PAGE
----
How do you define the size of your spaces? I prefer mine to be physically adequate, and yet large in possibility. Small enclosed spaces don’t bother me, but places cramped with people do. I’d rather be alone in a small space than with a lot of people in a large one. I don’t like hawker’s markets, and I hate going to crowded bazaars. On these occasions, I experience mild panic attacks. It is not claustrophobia, it’s just a fear of having my “personal space” intruded upon.
With proxemics, or the study of physical space and the human being’s cultural, behavioral and psychological behavior response to it, people are trying to find ways to protect their personal bubbles and create private spaces. But how much does each person really need? The question rang in, too, the other night, as I watched inmates mingle in near sub-human conditions, squeezed into jail cells in the movie “On the Job.” Was it justified that they lived in a hell-on-earth environment with only a few inches between their warm bodies as they went about the day? Maybe to them, the personal proximity didn’t matter. Space is relative.
The way a densely populated environment is managed can shift the perception of both physical and personal space. Singapore has roughly 10,000 persons per square kilometer of land, and our very own Metro Manila has an estimated 19,000 persons per square kilometer. The big difference between the former and our own is that we have taken over the land and sprawled horizontally, while they have gone vertical with carefully planned high-rise buildings. They’ve created more floor space and supported that with efficient transport systems, preserving precious open spaces like parks, water bodies and protected forest areas. We, on the other hand, have packed everyone in at ground level with very little elbow room to move. Slowly we’re having to go vertical, but under undesirable conditions and reactive city planning.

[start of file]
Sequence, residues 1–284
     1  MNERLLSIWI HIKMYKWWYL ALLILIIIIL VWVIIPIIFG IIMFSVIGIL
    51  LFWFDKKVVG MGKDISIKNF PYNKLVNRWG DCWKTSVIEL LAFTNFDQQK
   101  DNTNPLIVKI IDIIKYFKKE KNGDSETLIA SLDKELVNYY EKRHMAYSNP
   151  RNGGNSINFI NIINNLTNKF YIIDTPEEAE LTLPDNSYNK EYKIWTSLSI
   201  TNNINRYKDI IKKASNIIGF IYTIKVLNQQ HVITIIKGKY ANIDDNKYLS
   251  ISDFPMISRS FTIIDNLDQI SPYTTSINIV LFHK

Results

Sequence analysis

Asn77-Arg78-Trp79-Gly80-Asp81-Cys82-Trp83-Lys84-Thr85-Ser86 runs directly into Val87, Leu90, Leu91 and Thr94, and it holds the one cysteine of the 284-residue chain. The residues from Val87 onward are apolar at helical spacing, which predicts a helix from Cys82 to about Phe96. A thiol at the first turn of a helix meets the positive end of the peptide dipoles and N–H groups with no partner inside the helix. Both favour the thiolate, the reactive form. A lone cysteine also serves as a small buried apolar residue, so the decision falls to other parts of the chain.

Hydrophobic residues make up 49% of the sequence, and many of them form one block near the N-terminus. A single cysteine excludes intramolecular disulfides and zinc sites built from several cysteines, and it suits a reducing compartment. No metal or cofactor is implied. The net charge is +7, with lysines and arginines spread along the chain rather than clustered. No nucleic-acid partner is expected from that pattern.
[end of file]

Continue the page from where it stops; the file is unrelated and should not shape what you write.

The cost of land in the city has made the sizes of dwelling units nearly claustrophobic. As an example, low-end condominiums have rooms shrunken to the minimum 12 square meters for a bedroom, and there are studio units at 18 sq m. One-bedroom units are built within 24 sq m. Despite their size, these spaces can be efficiently utilized and made functional and habitable.
But usefulness of space is not its only qualifier for habitation. In the areas within the city where people live in abject poverty, they squeeze themselves into slivers. I have a friend, now a Jesuit priest, who told me about an immersion exercise in the plighted Baseco compound in Navotas. He had to live and sleep with a family of seven in 9 sq m of space, the same space they use for cooking, dining and lounging when they were not sleeping. Space made useful, but not necessarily habitable. At least not by eight. In Hong Kong, there have been recent protests against the shrinking size of public housing, where some are now at par with our 9-sq-m Baseco abode. People who live in these conditions develop much smaller personal bubbles, but to constantly stand within inches of another warm body is probably universally undesirable.
The more fortunate among us live in homes that spread for a few hundred square meters, with bathrooms much bigger than the Baseco home. And that’s fine when you’ve earned it. Born into larger spaces and less dense environments, most of the upper class and upper-middle class population will have developed smaller personal bubbles. Sometimes, despite being able to afford properties within the city, the less crowded suburbs prove to be an attraction to their need for space. Then you have people like Janet Lim-Napoles who have lived in many huge spaces and have grown accustomed to it and more, but have to shift to what they look upon as a microcosmic living space: a bungalow for one, with roughly 50 sq m of expanse. Rat hole to her but mansion to the Baseco folks. But that should be fine for her, too. She earned it.
Like many others who shift between good and bad times, and the times that fall in between, you can always redefine your spaces.
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